The purpose of these changes was to update the legislation and expand the ability of the Canada Industrial Relations Board to deal with the problems experienced in the labour world today. However, instead of giving the Canada Labour Code this flexibility and giving the board an instrument it could more readily use to help finalize collective agreements under difficult circumstances, we are seeing a tendency to make the rules of the code as they apply to strikes and lockouts more rigid which, in turn-and far be it from me to call them that-could lead to illegal strikes or lockouts, considering the problems with enforcement.

I will mention the new rules very briefly to show to what extent things are changing. And I have not yet discussed essential services. Unions or companies that wish to strike or announce a lockout will have 60 days to seek and exercise a mandate.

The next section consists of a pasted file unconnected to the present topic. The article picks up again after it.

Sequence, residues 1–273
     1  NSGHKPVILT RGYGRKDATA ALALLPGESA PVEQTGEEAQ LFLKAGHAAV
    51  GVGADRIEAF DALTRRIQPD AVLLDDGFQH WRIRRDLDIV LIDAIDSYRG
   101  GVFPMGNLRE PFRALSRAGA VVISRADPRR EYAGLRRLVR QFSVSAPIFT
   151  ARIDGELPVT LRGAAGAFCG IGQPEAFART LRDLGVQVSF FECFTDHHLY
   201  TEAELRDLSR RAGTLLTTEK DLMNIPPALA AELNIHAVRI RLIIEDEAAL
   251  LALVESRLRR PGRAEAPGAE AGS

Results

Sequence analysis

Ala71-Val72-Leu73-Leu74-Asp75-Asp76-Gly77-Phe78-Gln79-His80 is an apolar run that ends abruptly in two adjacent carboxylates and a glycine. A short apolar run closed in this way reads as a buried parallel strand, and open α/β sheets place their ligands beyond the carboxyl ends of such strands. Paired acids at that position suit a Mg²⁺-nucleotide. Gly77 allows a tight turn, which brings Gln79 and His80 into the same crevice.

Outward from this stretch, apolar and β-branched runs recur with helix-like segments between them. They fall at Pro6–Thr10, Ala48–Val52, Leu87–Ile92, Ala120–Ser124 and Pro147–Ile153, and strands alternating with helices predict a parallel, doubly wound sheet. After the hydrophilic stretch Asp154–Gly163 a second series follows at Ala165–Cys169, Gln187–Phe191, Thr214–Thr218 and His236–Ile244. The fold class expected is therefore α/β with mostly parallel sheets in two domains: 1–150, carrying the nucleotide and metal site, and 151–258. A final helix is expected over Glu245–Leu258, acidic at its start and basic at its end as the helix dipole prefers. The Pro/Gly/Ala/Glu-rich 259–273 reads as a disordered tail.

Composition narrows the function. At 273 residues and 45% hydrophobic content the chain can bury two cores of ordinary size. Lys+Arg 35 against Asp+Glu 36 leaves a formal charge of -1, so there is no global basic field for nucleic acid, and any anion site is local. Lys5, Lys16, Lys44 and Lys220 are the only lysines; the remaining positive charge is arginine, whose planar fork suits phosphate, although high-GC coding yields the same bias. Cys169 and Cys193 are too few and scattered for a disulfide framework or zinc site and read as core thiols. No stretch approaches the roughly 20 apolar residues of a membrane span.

If they fail to exercise their mandate within 60 days, they must go back and seek another mandate. It would seem that instead of promoting dispute settlement, this provision is more likely to have the opposite effect.

Unions covered by the Canada Labour Code are often national unions, and it takes time to organize a vote on a strike mandate. They are not really given much time, because although the very fact of organizing a strike vote may speed up the collective bargaining process, enough time should be allowed for the process to run its course.